Monday, March 14, 2011


Nuke test sensors could hear tsunamis coming
16:30 11 March 2011

Debora MacKenzie, Brussels correspondent

At the moment it's a matter of guesswork whether a submarine earthquake is going to produce a tsunami. But a treaty banning nuclear tests - or at least, trying to - may change that, if the treaty doesn't die first.

The Comprehensive Nuclear Test-Ban Treaty was signed in 1996 but has not yet come into effect, mostly because the US has not yet ratified it - though President Obama wants to.

Meanwhile a worldwide network of seismographs and other sensors designed to detect nuclear blasts listens for any tests. But it also gives fast, reliable warnings of earthquakes. The Comprehensive Nuclear Test-Ban Treaty Organization monitoring centre in Vienna, Austria, spotted today's Japanese quake, and alerted Indonesia and other governments to the quake off Sumatra that caused the 2004 Boxing Day tsunami. And it can also do other tricks too.

The system includes arrays of sensors at 60 sites across the world that listen for the low boom of atmospheric blasts. They are tuned to infrasound - frequencies under 20 hertz (cycles per second), the lowest humans can hear. Bombs aren't all they can hear - they also pick up volcanoes, and even rogue waves in the north Atlantic.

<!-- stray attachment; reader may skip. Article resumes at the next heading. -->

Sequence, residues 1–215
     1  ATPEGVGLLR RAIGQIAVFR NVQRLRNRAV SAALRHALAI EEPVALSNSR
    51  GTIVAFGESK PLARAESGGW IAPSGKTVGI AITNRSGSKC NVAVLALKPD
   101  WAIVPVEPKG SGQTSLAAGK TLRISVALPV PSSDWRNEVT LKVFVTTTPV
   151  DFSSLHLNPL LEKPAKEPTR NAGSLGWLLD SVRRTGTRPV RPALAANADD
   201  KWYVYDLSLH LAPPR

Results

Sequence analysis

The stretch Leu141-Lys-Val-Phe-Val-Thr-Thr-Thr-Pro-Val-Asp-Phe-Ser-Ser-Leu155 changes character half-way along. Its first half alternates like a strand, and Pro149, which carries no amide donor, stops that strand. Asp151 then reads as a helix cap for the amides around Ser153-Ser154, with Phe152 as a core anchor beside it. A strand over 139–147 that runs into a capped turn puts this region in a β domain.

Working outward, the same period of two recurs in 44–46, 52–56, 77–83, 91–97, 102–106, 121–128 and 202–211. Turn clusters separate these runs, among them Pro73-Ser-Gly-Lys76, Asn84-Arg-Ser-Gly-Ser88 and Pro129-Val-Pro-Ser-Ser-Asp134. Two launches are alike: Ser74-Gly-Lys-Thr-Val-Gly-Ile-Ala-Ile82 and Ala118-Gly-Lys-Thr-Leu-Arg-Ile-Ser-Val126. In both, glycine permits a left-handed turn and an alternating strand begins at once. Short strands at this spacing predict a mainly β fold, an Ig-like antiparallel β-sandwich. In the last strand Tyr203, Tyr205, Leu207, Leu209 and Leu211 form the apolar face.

In 2009 the CTBT's scientists reported that their station on the Indian Ocean island of Diego Garcia had picked up infrasound from big quakes in Sumatra in 2004, and Mantawi and Nias Island in 2005. The first two produced tsunamis; Nias didn't. The first two also made a characteristic groan at 60 hertz near their epicentres. Nias didn't.

Milton Garces of the University of Hawaii at Manoa thinks this might be used to make a tsunami warning system. The infrasound signals generated by the tsunami-making quakes travel at up to 330 metres per second, while the tsunamis themselves propagate at about 260 metres per second. So the sound signal should arrive at a monitoring station before the wave hits.

He recorded these sounds from the 2004 Boxing Day quake. The first sound is the earth moving. The second is an echo of the sound of the earth that travelled through the ocean. The third is the signal generated by the production of a tsunami. No one knows yet what process gives rise to the noise.

Further research is under way. But the infrasound network being used to do it is under threat: the longer the CTBT remains unratified, the less enthusiastic governments are to keep funding it.

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